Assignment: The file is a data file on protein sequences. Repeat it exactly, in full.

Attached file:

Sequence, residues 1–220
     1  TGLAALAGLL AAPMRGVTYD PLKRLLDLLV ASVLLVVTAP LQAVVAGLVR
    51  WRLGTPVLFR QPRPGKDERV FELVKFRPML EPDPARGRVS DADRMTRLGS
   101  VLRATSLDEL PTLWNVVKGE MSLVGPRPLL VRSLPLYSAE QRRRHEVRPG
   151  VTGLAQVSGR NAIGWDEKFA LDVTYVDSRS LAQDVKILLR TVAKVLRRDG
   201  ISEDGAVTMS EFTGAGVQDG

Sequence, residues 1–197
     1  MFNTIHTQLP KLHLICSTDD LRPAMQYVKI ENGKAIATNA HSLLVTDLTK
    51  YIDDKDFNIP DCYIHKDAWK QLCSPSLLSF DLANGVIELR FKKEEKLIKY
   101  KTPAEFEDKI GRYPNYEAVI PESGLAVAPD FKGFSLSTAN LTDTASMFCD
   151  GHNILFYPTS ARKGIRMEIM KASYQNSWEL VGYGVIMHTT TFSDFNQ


Sequence, residues 1–220
     1  TGLAALAGLL AAPMRGVTYD PLKRLLDLLV ASVLLVVTAP LQAVVAGLVR
    51  WRLGTPVLFR QPRPGKDERV FELVKFRPML EPDPARGRVS DADRMTRLGS
   101  VLRATSLDEL PTLWNVVKGE MSLVGPRPLL VRSLPLYSAE QRRRHEVRPG
   151  VTGLAQVSGR NAIGWDEKFA LDVTYVDSRS LAQDVKILLR TVAKVLRRDG
   201  ISEDGAVTMS EFTGAGVQDG

Sequence, residues 1–197
     1  MFNTIHTQLP KLHLICSTDD LRPAMQYVKI ENGKAIATNA HSLLVTDLTK
    51  YIDDKDFNIP DCYIHKDAWK QLCSPSLLSF DLANGVIELR FKKEEKLIKY
   101  KTPAEFEDKI GRYPNYEAVI PESGLAVAPD FKGFSLSTAN LTDTASMFCD
   151  GHNILFYPTS ARKGIRMEIM KASYQNSWEL VGYGVIMHTT TFSDFNQ